Avoid Soft Surfaces When Learning Forefoot Running

How fast you learn and improve the forefoot running technique depends largely on surface hardness. For instance, hard surfaces, such as pavement, hard dirt, even rocks, provide better perceptual conditions that brings about positive changes in foot strike pattern as compared with soft surfaces. How come?

Hard Surface Better than Soft Surface for Learning Forefoot Running
Hard running surfaces, such as pavement, makes it easier to land lighter. When you land lighter, less impact is generated.

Soft Surface Evokes Instabilities

A soft surface, such as grass, a soft track or even soft cushioned running shoes, provokes a perceptual illusion during running that not only changes foot strike pattern, but causes foot strike intensity to be perceived as lighter than it actually is!  In other words, soft surfaces will cause a runner to unknowingly slam their foot harder into the ground when running (Robbins and Gouw, 1996).

Robbins and Gouw (1996) reported that during running, the body perceives foot strike as unstable on soft surfaces, thereby increasing the risk of inappropriate landings. This may be a direct result of our evolutionary past as barefoot runners –we as humans adapted to walk and run barefoot on the earth (dirt, rough terrain), and not on overly, plush soft surfaces.

Though conventional wisdom affirms that soft surfaces are safer, this notion has been poorly supported. If anything, past studies show the opposite: the harder the surface, the better, especially when running barefoot.

  • McNitt-Gray et al. found that well trained gymnasts landed with less impact on a harder surface than on a typical, soft mat because the hard surface provoked the gymnasts to choose their own landing strategy.
  • Because softer surfaces trigger perceptual illusions, the gymnasts who landed on soft, plush mats had compromised movement coordination and balance.

Why does soft, cushioned surfaces impair balance and movement coordination?

Balance and movement coordination is mostly controlled by proprioception in the foot –the less material between the foot and the ground, the greater the proprioceptive acuity.

  • If proprioception is blocked, the feet are essentially blinded, unable to send messages to the spinal cord to respond to plantar sensory stimulation.

This is why habitual barefoot runners generate less impact, regardless of surface hardness, compared to most shod runners. The reason again, is the heightened proprioception sends instructions to land lightly on the forefoot, not the heel, during barefoot running.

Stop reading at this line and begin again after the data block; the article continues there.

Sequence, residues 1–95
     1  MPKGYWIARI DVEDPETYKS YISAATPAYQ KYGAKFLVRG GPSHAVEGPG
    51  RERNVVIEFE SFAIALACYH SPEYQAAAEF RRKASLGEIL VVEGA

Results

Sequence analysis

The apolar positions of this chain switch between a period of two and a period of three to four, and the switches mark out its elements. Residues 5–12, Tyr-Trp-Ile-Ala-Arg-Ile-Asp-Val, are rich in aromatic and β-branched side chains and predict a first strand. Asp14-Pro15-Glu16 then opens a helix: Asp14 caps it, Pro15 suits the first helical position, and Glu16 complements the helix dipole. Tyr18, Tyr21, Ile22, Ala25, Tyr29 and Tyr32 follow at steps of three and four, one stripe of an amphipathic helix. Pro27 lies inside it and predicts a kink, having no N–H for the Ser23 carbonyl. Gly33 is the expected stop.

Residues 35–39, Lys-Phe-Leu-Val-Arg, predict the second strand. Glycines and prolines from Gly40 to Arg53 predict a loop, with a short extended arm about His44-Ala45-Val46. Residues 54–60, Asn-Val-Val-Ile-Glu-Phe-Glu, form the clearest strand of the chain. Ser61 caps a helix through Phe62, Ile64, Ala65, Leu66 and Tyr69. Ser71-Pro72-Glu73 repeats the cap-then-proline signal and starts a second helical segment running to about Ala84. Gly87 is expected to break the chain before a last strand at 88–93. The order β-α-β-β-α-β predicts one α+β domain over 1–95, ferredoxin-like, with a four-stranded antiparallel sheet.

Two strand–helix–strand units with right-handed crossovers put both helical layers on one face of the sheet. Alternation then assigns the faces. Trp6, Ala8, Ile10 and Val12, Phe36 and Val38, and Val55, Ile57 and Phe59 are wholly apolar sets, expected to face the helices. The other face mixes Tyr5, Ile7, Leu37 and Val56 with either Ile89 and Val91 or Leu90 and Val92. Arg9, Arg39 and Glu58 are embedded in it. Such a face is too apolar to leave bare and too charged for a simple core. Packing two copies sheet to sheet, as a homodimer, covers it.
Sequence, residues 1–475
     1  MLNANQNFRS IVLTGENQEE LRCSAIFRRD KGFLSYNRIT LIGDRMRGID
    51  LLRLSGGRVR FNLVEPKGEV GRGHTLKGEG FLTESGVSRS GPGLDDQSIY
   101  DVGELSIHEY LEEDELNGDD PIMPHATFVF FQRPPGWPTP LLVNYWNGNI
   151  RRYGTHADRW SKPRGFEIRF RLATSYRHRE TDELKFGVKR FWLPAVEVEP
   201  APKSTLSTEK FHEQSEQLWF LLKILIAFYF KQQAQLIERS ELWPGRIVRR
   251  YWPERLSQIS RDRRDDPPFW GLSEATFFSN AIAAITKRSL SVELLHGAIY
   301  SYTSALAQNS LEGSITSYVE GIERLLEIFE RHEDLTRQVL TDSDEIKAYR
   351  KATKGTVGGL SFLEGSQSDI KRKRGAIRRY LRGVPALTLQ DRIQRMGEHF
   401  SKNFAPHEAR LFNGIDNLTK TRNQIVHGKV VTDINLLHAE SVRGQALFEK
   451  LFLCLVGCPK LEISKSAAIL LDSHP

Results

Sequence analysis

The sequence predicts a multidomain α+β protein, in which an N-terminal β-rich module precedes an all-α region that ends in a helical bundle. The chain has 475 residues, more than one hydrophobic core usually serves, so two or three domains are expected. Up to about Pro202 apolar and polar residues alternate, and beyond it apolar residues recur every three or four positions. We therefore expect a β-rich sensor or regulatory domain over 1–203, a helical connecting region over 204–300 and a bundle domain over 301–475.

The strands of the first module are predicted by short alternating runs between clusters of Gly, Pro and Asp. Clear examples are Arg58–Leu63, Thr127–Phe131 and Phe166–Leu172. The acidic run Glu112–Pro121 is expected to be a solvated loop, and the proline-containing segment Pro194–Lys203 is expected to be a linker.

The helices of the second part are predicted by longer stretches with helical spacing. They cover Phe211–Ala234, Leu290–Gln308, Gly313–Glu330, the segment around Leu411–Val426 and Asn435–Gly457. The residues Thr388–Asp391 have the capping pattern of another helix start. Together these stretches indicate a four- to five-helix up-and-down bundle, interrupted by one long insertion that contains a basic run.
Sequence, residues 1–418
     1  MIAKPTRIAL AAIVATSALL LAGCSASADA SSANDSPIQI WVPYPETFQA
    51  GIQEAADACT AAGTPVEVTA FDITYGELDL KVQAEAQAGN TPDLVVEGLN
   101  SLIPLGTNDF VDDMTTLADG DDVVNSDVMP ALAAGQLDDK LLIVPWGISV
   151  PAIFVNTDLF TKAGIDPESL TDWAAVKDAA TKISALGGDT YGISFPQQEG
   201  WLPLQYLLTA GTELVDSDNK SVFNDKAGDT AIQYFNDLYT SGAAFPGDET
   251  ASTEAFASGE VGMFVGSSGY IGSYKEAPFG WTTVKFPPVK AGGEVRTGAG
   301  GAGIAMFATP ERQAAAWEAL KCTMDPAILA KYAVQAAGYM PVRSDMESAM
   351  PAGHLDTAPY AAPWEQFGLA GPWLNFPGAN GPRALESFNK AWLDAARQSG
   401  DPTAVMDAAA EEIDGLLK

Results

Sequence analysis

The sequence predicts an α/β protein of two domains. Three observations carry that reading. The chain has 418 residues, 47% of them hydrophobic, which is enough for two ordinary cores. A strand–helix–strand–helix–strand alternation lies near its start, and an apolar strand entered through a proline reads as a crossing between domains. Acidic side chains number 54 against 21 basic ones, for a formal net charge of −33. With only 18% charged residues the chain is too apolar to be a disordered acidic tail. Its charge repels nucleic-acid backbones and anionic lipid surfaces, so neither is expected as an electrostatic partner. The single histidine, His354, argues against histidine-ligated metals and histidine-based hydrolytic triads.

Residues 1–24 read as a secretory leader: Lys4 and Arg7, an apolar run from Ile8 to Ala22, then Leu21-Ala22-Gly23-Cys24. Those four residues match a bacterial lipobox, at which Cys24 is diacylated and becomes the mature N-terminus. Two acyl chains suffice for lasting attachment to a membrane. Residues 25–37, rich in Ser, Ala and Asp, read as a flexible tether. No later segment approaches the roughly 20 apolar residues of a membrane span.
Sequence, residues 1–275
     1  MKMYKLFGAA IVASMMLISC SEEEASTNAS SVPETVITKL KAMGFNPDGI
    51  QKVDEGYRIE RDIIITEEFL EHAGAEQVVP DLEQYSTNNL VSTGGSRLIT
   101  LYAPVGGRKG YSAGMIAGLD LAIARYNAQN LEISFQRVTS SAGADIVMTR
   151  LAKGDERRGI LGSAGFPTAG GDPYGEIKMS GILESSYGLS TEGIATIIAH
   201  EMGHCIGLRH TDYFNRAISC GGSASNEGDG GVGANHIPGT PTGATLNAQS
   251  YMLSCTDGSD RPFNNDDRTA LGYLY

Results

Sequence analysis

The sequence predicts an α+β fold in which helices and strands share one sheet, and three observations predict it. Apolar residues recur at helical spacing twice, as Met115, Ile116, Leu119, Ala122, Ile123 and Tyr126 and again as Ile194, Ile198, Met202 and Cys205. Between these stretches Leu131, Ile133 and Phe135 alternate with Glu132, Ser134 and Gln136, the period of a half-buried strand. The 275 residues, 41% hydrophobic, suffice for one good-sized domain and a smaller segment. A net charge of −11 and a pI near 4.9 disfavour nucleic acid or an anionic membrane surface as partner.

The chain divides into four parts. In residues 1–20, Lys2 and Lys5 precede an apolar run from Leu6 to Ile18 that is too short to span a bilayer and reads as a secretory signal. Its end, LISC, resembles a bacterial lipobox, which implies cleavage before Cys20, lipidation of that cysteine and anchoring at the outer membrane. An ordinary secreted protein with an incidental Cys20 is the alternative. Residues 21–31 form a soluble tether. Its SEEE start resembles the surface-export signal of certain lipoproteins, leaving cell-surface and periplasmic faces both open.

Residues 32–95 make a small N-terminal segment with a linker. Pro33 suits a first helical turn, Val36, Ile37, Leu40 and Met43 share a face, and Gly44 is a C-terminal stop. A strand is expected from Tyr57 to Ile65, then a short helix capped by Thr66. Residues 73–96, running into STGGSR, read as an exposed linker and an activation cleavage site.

The Take Home Message

The human body is a reflexive machine more than capable of protecting itself when running, thanks to the proprioceptors of the foot. Blocking proprioception with unnatural substrates, strips impact-moderating reflexes of their normal function. As a result, running becomes risky business because the body is less aware of movement and position.

More From Run Forefoot:

Heel Striking to Forefoot Striking – Discover why you should make the switch right now.

Alberto Salazar on Forefoot Running – Read what Al Sal has to say about forefoot running.

No Toe-Push Off – Learn how to avoid injury by NOT using your toes for propulsion.

Best Barefoot Shoes – Read my reviews on the top barefoot like running shoes best suited for forefoot running.


References:

McNitty-Gray, JL., and Yokoi, T. (1989). The influence of surface characteristics of drop landings.

Robbins, SE., and Gouw, GJ. (1991). Athletic Footwear: unsafe due to perceptual illusions.

Bretta Riches

Bretta Riches

"I believe the forefoot strike is the engine of endurance running..."

BSc Neurobiology; MSc Biomechanics candidate, ultra minimalist runner & founder of RunForefoot. I was a heel striker, always injured. I was inspired by the great Tirunesh Dibaba to try forefoot running. Now, I'm injury free. This is why I launched Run Forefoot, to advocate the health & performance benefits of forefoot running and to raise awareness on the dangers of heel striking, because the world needs to know.
Bretta Riches

P.S. Don't forget to check out the Run Forefoot Facebook Page, it's a terrific place to ask questions about forefoot running, barefoot running and injury. I'm always happy to help!

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